Under the exceptional direction of Tanya Goldberg, and starring a galaxy of fabulous Australian actresses, this vibrant, confronting and sometimes quite witty and funny play enthralls and challenges whilst play exploring the defiance, endurance and psychological legacy of being labelled a ‘Home girl’.In Valentine’s play, eight former inmates return to the notorious Parramatta Girls Detention Centre for a reunion forty years after it was shut down. For the lucky few it’s a way to find healing, for others it’s a way to dispel the ghosts, for all of them it is a way to share the pain.

Tobhiyah Stone Feller‘s set is extremely effective, minimalist ‘Institution’- grey concrete rubble with smashed windows , heavy doors with rusty locks , cold, dangerous wire and the atmosphere of Jane Eyre’s Lowood.

The staging is also rather minimalistic, with a few tables /chairs/buckets as required which allows for the fluid ,cinematic scene and time shifts.Verity Hampson’s lighting is very atmospheric and effective with a wonderful use of shadows.

We discover both the physical and emotional/psychological scars that are at first glance hidden. Valentine’s play features some very powerful monologues and also includes story telling and songs. It is a tribute to the mischief and humour in the face of hardship suffered by countless girls, forgotten Australians who were victims of this harsh juvenile detention centre.

We hear some of the stories of abuse and neglect of the girls by the State and at the hands of the people officially appointed to look after them. There are nightmarish ‘play’ scenes where the inmates act out sentencing, pretend to be the Matron and the notorious ‘Doctor Fingers’.

We learn of the exhausting scrubbing punishment,the isolation cells and the semi-mythical ‘dungeons’. There is a coverall dingy grey uniform they wear when ‘inside’.  It is an analysis of their struggle to survive and beat the system – if they can. Harsh, streetwise girls are mixed with naive far more innocent ones who do not understand ‘the system’ and haven’t a hope of survival. On this return visit , some crack and dissolve in tears , can’t face going back,some snap and scream ‘let me out’ ,– yet the door this time can be opened any time they wish.

The girl’s babies – if they had them – were removed at birth and placed for adoption. We learn about desperate attempts at abortion and other attempts to get into sick bay, to escape even temporarily…

We have Judi’s (delightfully played by Annie Byron) opening monologue about billycarting and her being self conscious about her bleeding elbows and the harsh treatment she received. (At one point the rest of the women wear elbow bandages in solidarity).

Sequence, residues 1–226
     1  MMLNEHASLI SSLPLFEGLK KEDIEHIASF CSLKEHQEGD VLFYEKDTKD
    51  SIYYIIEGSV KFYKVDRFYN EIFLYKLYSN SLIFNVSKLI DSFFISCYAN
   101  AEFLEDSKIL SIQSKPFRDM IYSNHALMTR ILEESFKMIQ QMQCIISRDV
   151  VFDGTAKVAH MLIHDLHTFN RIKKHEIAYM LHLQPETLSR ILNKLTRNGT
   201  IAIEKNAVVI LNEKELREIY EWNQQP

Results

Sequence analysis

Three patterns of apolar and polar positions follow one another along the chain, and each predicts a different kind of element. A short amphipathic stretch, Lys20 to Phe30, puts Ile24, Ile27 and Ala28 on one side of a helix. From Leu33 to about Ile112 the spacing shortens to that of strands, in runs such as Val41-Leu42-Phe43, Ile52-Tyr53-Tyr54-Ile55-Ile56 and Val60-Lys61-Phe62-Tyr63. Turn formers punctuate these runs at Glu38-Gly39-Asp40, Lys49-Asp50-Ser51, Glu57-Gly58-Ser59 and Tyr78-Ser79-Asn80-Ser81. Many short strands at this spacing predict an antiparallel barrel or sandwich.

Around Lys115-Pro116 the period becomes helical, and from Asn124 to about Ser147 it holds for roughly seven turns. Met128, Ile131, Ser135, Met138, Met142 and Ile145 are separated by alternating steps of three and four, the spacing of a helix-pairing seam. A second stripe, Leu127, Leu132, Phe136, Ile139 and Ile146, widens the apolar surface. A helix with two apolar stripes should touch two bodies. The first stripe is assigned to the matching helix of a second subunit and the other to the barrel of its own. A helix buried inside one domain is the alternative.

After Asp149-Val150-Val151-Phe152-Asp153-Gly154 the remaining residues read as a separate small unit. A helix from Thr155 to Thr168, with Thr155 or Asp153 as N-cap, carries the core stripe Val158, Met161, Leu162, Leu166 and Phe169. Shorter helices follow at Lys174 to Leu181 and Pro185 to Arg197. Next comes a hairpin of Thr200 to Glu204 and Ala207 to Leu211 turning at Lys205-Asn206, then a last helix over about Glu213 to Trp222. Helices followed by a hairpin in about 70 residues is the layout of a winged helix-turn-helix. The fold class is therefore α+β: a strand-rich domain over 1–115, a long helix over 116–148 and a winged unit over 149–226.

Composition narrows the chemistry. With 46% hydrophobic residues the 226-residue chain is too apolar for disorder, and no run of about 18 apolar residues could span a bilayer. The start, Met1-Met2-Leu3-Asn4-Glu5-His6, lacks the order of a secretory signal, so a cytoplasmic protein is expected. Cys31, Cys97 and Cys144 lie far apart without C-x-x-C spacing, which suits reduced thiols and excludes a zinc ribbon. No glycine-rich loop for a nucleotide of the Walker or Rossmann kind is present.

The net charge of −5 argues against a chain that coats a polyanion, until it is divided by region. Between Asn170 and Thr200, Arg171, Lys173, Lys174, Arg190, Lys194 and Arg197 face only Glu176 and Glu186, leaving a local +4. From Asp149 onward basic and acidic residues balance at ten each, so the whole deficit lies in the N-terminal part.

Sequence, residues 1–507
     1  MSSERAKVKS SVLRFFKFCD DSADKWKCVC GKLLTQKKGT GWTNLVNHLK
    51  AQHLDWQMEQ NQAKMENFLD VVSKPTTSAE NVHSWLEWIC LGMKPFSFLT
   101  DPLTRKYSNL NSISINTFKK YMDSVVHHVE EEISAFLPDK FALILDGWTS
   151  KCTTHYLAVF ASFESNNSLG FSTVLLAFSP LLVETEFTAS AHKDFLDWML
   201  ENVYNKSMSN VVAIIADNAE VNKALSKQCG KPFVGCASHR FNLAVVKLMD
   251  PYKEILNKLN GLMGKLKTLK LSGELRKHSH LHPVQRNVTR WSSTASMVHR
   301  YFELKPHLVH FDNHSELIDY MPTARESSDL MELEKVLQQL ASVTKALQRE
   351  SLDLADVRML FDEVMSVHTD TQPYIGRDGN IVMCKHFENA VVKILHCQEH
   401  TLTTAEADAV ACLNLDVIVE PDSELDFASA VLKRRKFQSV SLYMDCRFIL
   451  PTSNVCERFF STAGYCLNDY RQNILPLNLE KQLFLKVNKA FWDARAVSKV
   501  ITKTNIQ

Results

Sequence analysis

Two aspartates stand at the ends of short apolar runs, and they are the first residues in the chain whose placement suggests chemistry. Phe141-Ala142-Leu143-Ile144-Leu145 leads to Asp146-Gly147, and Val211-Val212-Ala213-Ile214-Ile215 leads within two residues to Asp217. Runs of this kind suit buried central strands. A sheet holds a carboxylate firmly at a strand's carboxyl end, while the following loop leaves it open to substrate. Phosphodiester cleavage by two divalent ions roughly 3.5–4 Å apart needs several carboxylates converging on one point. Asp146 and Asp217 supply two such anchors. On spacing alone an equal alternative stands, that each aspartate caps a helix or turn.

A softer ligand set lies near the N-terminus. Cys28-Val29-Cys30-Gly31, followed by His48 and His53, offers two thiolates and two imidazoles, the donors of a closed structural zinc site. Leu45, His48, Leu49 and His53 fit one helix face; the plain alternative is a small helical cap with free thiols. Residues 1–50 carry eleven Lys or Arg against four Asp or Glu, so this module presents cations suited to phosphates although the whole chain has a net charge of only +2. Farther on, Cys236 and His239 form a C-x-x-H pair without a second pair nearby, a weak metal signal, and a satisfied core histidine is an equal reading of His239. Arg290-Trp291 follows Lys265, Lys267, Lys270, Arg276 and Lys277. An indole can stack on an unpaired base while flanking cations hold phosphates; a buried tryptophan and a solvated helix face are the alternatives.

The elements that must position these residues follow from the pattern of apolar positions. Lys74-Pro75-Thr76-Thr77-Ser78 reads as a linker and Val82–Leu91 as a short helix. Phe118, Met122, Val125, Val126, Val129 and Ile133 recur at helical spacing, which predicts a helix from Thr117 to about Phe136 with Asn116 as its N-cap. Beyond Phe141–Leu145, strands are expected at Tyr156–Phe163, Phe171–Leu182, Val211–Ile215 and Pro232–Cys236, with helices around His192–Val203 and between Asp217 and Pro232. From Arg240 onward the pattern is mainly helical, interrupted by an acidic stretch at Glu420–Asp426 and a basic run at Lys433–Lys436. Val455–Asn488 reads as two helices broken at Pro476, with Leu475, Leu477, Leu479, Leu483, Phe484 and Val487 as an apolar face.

Christine Anu is excellent as feisty Coral,who has a delightful monologue about a group bus trip to Kings Cross among other things. Later it is revealed that she is illiterate and the case workers have badly written up her reports.We see Coral become one of the leaders of the riots for better conditions , an act that most unusually unites all the women in protest.

There’s Lynette’s (wonderful Vanessa Downing )’s mantra of self worth – she is NOT a ‘waste of space’.

A haunting, delicate performance was terrifically given by Holly Austin as ghostly, tragic Maree. In one very sad scene she is forced to rip the arm off her beloved teddy bear, becoming one who falls through the cracks in the system until it is too late.

Hard, streetwise and brash ‘bad girl’ Melanie is given a tremendous performance by Anni Finsterer. We learn that outside she becomes a mother with fierce love for her children.

Sharni McDermott and Tessa Rose as Kerry and Marlene enable us to follow the plight of the many indigenous girls who were inmates ,the racism in the system and how badly they were treated too.

Sandy Gore as Gayle gives a great performance , ending the play on an ironically rather hopeful note with her monologue about all the charity money she raised and winning a motherhood competition.

A shattering, disturbing play with a glorious cast that is highly recommended. There is a fascinating display as the audience enters about the history of the Institution and a wonderful eerily atmospheric exhibition by Heidrun Lohr.

Running time 2 hours 20 mins (approx) including one interval. PARRAMATTA GIRLS is playing at the Lennox at the Riverside Theatres until the 17th May.